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GARCIA explained that if the oil companies were allowed to operate as usual with the OilEx merely coming in as another big player, the objective of applying sufficient pressure to lower prices cannot be realized.
The oil giants have many built-in advantages that a fledgling government company saddled with startup constraints may find difficult to overcome, he said. The only option is for the OilEx to have full control of the marketing side, he said, with the oil firms simply bidding to supply its requirements
If the OilEx succeeds even on a limited scale, the idea could catch on and other big consumers and even national governments may replicate it. The concept is a threat to the thriving business of the oil multinationals, hence their resistance.
With the oil giants and some foreign governments expected to react, the pressure to abort the OilEx would ultimately zero in on President Estrada.
In the final analysis, whether the OilEx would be allowed to work depends on the President. The OilEx looms as another test of his mettle and his sincerity.
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WHILE one school says that the oil refining business must be separated from the marketing of refined products in the same way that generating and distributing electricity must not be in the hands of one giant firm, a US-based global monopoly has just been ordered split.
Microsoft was declared Wednesday by US District Judge Thomas Penfield Jackson as in violation of anti-trust laws and given four months to divide itself into two companies – one for operating systems and another for software and Internet properties.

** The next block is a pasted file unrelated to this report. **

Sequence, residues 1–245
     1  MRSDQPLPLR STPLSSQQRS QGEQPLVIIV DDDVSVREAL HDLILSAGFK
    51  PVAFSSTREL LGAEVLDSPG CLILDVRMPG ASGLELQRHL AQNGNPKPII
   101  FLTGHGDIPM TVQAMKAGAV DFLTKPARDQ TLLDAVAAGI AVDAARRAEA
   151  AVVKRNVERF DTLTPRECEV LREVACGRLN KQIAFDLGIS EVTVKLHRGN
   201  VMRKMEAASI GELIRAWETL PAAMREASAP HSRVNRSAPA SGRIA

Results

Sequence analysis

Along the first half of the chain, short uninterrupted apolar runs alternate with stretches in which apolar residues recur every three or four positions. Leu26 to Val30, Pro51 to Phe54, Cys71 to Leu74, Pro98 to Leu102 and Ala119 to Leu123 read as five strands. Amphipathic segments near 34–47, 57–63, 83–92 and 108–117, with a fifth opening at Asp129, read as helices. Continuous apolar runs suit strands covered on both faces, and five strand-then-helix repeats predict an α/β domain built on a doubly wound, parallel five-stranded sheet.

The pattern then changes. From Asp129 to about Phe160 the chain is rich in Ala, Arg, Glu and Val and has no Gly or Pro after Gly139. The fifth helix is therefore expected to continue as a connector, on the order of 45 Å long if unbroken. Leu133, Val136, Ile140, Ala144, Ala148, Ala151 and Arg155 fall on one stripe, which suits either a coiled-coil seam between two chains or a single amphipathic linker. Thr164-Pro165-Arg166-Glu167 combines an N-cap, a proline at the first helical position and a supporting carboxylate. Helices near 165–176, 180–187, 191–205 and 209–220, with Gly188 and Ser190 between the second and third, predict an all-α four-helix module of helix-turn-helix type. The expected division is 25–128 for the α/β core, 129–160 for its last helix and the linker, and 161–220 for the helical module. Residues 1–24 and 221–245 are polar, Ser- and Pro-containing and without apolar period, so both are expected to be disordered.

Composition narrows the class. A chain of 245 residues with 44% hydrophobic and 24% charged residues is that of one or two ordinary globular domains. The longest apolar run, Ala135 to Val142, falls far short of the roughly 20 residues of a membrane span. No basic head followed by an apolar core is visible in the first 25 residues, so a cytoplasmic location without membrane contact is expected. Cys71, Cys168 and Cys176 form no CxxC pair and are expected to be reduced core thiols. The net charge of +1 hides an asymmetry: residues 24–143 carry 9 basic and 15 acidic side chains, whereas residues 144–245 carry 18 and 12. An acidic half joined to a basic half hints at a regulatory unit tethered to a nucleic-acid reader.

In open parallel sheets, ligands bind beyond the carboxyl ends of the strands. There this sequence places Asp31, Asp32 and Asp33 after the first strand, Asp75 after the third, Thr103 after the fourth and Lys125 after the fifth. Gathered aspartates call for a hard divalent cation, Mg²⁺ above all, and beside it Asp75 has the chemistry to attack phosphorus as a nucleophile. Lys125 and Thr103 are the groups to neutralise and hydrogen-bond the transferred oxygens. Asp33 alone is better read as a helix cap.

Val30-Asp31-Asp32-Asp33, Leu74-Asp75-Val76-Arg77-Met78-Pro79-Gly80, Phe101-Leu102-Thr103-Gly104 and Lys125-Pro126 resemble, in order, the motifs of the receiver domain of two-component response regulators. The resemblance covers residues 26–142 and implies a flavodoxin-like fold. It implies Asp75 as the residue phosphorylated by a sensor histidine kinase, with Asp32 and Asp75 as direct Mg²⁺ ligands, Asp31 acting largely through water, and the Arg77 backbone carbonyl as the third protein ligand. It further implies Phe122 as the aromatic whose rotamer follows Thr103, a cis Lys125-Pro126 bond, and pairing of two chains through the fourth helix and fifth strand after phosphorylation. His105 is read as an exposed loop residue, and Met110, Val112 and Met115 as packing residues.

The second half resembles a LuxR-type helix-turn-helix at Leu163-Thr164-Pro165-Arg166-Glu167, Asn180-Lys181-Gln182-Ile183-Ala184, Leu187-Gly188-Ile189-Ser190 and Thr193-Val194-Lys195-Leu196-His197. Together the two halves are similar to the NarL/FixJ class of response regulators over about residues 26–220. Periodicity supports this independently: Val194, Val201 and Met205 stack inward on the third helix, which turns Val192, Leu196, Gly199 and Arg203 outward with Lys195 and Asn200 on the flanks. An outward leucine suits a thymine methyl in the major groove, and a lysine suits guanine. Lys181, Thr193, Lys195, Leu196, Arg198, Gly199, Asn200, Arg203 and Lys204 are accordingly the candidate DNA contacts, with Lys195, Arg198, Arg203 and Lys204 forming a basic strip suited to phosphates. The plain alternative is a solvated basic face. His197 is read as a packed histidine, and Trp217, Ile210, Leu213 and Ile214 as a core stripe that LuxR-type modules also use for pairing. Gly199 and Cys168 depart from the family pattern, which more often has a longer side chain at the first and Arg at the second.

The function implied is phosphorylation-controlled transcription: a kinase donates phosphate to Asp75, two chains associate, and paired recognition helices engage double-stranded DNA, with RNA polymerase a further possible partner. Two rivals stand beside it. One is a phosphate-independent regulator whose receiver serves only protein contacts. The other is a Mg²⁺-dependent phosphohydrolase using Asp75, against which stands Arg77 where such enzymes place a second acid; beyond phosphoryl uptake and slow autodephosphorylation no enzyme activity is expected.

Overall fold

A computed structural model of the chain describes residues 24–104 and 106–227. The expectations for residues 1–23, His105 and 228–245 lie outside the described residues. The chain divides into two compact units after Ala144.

The full impact of the order has not been felt in the Philippines, but we expect it to affect the future configuration of computers, the design of components and their prices.
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MICROSOFT of Bill Gates, the world’s richest man who is worshipped by his disciples and denounced as the anti-Christ by his detractors, has grown too big and too overreaching for comfort.
His Windows has become practically the world’s standard operating system of personal computers, improving on and supplanting the DOS (Disk Operating System) of older computers.
But Gates did not stop there. He packaged his popular Windows and Microsoft software and Internet facilities in such a way that Windows users often have no choice but to use only Microsoft products if they want their PCs to run efficiently. His new Office 2000 bundled a wide variety of software, thereby killing similar software selling under the brands of different manufacturers.
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MICROSOFT’S Internet Explorer is being forced on users of Windows. If one wants to use another Internet browser and deletes Explorer, all sorts of errors crop up, rendering the computer inoperable.
In the same way that hardware manufacturers (such as IBM) were forbidden in the States from making software and software makers (such as Microsoft) barred from manufacturing hardware, it is right that Microsoft be made to stick to either operating systems or software.
Back here, there is no similar resolve to strike down monopolies. The pattern of one influential family or one presidential crony or one conglomerate controlling one strategic industry is evident, but nothing is being done to nip it in the bud.